Now, one of the things I've found is that different dictionaries will translate the same Chinese word*** in different ways. So that if you look up 美好 in this dictionary it is translated as "happy, fine, ok"; but this dictionary gives "beautiful, fine" -- not quite the same. And then this dictionary gives "wonderful". All three, that is, give quite different meanings to the same word. (And none of them, incidentally, make it sound like a good translation for the English word "best". Now, I'm not saying the translators were wrong -- it's quite possible that in the context 美好 is a perfectly good translation for "best" -- but either they were wrong, or the dictionaries aren't giving very complete answers, or the context dependence is doing a lot of work here.)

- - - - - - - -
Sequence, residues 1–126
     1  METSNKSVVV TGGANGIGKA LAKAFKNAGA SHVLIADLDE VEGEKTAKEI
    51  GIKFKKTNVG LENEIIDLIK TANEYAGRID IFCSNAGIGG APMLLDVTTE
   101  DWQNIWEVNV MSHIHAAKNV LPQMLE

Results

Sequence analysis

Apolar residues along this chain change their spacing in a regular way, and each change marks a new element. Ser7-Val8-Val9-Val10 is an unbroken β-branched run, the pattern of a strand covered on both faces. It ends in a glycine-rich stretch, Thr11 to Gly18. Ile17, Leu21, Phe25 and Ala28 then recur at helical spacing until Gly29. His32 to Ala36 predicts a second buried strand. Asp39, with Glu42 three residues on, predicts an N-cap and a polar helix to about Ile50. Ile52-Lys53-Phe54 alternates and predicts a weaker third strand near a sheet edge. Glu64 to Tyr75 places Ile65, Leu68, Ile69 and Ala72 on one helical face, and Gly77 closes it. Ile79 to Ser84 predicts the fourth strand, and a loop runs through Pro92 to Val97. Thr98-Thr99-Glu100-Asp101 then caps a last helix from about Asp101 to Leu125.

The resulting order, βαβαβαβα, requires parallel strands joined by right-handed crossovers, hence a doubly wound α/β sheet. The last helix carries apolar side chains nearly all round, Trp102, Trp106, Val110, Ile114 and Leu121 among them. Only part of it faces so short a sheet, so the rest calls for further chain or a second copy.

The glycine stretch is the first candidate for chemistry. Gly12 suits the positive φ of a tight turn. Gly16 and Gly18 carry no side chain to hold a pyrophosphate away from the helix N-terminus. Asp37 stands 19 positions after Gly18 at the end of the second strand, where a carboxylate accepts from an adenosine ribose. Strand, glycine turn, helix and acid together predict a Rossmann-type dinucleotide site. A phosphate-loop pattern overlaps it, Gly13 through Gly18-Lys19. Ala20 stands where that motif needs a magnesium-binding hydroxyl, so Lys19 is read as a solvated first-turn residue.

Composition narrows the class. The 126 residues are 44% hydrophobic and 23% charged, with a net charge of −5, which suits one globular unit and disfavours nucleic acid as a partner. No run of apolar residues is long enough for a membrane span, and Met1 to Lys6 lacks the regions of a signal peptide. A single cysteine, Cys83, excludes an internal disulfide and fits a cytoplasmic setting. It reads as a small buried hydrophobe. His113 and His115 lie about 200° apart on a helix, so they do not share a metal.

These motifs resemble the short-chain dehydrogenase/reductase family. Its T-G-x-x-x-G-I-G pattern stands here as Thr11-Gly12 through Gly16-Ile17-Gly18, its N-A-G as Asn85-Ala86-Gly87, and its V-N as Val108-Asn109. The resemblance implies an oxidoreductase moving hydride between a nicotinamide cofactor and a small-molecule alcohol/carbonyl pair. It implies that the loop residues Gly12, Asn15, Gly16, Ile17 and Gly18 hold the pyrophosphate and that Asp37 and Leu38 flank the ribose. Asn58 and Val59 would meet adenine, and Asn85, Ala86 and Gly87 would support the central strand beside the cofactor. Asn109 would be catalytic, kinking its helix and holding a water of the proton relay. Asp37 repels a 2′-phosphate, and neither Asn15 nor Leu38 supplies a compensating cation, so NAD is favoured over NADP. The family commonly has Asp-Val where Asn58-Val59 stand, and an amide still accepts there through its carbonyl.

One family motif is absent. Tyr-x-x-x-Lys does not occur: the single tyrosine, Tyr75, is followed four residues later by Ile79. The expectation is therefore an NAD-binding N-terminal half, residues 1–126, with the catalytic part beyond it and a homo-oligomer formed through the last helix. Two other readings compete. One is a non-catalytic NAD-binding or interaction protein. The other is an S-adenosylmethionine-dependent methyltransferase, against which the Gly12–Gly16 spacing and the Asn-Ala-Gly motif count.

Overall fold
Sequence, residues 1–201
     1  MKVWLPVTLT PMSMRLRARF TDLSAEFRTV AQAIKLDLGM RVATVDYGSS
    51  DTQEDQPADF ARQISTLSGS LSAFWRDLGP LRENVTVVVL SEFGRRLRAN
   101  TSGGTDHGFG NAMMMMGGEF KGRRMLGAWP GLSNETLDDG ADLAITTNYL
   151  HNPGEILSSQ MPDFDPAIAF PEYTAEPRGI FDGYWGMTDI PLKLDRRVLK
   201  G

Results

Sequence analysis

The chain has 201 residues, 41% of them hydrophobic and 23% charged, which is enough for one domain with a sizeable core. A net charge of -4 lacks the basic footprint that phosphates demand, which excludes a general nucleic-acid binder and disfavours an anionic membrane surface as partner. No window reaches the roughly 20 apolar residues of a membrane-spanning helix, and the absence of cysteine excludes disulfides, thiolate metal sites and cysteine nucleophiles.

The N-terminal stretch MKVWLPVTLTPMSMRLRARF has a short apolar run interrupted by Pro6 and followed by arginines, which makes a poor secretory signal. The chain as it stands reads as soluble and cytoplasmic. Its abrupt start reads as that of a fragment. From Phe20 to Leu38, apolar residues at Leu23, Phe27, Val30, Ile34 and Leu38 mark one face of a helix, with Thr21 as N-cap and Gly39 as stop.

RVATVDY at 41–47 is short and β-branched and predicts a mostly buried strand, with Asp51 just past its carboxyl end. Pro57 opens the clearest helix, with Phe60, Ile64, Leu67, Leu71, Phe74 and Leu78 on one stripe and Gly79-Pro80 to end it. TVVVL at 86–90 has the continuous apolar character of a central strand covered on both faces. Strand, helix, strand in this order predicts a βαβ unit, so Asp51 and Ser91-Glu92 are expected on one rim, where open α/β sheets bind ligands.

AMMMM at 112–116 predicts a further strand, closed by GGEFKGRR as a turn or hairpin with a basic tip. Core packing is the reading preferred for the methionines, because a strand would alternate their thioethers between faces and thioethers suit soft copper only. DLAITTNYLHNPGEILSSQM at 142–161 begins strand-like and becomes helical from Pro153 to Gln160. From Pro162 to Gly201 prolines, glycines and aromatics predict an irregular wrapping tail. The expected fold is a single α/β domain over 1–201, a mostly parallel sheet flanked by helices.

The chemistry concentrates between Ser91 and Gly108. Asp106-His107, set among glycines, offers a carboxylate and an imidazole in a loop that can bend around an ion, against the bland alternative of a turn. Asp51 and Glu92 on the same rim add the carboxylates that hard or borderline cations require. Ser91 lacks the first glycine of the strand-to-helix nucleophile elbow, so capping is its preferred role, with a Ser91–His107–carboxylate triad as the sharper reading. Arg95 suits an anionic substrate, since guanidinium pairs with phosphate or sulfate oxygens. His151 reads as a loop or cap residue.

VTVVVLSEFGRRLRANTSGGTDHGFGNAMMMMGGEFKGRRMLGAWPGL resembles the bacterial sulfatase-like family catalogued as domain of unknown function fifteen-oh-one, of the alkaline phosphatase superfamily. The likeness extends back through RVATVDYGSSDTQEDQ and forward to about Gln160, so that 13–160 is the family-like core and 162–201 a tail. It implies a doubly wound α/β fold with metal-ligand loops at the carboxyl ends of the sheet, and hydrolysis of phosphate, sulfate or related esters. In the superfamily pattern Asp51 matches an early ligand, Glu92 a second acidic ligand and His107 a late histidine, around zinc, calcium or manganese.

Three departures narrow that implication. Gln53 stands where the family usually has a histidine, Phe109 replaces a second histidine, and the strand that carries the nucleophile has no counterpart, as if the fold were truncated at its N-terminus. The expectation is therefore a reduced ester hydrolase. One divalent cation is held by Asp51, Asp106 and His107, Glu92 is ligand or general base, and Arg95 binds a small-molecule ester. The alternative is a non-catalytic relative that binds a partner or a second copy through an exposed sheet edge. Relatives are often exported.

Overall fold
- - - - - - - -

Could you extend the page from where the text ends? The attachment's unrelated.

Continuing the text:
But as it happened, I didn't actually look up 美好 directly. It happened that I knew the pinyin for those two characters (isn't true for a lot of characters, but it was of those), so it seemed easier just to type "meihao" into a dictionary (as it happened, this one) instead. As pinyin goes, that's incomplete, since I didn't mark the tones, either through accents or through the (far less aesthetic but easier to type) numbers. But it seemed like it would work.
And it did. It gave two options for meihao, spoken with different tones. It could either mean 美好, wonderful, or 煤耗, coal consumption.
Now, note the difference between the pronunciation of these two words is just the tone of the second syllable. (Ordinarily 美 is pronounced third tone, but before another third tone it switches to second, and comes to match 煤.) In other words, a tone slip in a single syllable could have you say, accidentally, "It was the coal consumption of times".
This is why I'm not studying Mandarin. I'm just fooling around with Mandarin. Because it's too damn hard to actually learn for real.